Research-based methodology to building High Performing Teams
Our partnership with GDQ Associates,
leading research company!
This new team intervention is made possible through a collaboration & partnership between GDQ Associates and aeqlia.
Both partners share a strong belief that learners and teams can get the best of all worlds: a fun, collaborative and engaging learning experience based on proven research and methodology to improve their performance on-the-job. All digital and remote.
Especially for remote and virtual teams, Miki Island experiential learning program from aeqlia is a great way to practice teamwork for performance improvement.
The combination of doing and reflecting as well as being both concrete and theoretical is promising for learnings about team development!for
head of research, gdq associates
Our Ebook: Building High Performing Teams in 2022
The Business Impact of Stage 4 High Performing Teams
The GDQ research has shown that teams that achieve Stage 4 (High performing):
- Have more satisfied customers and managers (Wheelan, 1998)
- Have more surviving patients in intensive care (Wheelan, 2003)
- Have members that experience higher level of work satisfaction and lower level of emotional exhaustion (Jacobson, 2014)
- Have a greater ability to adopt to agile ways of working (Gren, 2017)
The Team Development Process.
Before becoming High Performing, Teams will necessarily go through four stages of development:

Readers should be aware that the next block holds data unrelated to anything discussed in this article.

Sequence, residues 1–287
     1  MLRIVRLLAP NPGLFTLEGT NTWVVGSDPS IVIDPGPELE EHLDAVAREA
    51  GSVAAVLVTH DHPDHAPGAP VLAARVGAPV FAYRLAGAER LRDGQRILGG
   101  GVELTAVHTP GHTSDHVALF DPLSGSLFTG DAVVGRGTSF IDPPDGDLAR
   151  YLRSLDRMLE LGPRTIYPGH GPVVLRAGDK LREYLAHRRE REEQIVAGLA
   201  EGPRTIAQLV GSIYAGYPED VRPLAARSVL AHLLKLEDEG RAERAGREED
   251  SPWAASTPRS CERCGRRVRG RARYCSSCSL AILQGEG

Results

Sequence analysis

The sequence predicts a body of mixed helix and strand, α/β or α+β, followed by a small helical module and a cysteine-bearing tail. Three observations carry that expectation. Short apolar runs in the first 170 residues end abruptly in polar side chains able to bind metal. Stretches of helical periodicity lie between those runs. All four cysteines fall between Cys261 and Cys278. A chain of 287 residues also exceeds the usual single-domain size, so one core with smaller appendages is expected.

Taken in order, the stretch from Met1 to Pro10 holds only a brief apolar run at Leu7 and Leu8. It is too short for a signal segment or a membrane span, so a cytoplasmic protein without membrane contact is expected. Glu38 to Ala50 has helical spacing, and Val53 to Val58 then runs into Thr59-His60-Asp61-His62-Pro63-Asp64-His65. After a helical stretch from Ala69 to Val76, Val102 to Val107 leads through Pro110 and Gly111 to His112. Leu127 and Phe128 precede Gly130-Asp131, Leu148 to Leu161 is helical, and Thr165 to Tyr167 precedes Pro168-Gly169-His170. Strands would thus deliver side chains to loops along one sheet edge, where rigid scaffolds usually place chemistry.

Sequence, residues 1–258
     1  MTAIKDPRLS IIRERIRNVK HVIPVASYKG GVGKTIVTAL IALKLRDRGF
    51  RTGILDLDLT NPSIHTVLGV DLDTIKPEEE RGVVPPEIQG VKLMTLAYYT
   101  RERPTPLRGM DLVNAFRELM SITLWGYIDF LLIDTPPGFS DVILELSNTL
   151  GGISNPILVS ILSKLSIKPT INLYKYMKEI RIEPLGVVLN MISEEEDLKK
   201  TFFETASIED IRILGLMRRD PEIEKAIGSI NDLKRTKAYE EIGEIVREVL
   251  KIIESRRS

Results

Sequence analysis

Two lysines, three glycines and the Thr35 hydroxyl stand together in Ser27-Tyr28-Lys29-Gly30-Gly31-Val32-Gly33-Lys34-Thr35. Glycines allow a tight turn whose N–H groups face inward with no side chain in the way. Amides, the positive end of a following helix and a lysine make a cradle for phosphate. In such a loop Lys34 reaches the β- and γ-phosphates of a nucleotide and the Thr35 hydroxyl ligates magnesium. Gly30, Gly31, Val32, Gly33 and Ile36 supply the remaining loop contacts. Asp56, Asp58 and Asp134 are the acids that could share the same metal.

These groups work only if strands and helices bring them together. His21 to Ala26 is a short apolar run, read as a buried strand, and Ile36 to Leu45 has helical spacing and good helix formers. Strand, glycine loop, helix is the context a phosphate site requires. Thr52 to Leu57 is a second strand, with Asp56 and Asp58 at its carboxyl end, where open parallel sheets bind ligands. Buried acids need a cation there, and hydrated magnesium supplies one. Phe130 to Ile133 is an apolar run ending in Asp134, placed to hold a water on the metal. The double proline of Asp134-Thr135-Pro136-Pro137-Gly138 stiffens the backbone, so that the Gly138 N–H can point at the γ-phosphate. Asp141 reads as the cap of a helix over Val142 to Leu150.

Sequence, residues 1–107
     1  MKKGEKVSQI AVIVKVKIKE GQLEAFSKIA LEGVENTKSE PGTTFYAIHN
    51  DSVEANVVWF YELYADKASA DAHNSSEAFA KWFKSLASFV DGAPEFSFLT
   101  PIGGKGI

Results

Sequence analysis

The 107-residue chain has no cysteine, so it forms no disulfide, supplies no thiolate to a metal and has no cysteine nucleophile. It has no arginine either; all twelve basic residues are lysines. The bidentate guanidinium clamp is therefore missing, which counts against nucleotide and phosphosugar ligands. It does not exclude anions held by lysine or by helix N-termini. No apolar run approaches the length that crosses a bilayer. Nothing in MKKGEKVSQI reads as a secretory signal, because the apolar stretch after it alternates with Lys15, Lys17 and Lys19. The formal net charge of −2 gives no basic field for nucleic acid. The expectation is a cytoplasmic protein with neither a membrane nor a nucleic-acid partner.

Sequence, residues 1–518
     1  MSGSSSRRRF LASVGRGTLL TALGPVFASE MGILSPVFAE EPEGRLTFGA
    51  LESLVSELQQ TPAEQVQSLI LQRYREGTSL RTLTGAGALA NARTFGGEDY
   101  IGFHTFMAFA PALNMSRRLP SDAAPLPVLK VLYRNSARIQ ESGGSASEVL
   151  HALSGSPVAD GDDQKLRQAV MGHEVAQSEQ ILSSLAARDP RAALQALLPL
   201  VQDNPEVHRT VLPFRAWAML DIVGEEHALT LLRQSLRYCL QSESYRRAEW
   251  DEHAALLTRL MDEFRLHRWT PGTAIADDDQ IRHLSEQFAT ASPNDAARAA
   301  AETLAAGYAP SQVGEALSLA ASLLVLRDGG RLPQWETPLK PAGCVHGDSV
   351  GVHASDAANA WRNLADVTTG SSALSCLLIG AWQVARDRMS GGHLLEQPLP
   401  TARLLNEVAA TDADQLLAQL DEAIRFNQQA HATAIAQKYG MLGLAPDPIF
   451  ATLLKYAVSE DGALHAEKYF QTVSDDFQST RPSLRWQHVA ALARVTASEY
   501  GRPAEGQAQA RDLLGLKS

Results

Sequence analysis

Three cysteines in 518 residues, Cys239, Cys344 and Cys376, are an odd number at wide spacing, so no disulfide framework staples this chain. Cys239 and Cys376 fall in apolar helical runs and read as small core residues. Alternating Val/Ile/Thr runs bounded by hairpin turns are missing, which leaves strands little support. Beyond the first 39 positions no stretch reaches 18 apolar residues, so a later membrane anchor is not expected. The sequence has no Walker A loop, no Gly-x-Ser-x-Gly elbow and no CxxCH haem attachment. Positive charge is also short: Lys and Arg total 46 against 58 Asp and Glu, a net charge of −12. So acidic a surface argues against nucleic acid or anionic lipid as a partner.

- Dependency and inclusion. The purpose of stage one is to create a sense of belonging and the beginnings of predictable patterns of interaction
- Counterdependency and fighting. The purpose of stage two is to develop a set of goals, values, and operational procedures
- Trust and structure. Stage three is characterized by more mature negotiations about roles, organization, and procedures. Also, members work together to solidify positive relationships
- Work and productivity. At stage four, work groups become teams. Leaders and members need to do certain things to keep performing ata high level, such as clearly defining their problems and being evaluated regularly
Dr. Susan Wheelan, creator of the GDQ, talks about group development.
Dr. Susan Wheelan describes her five-stage model for group development. She developed the model in order to better understand the dynamics of working groups.
Enhance your team's performance with us. Today!
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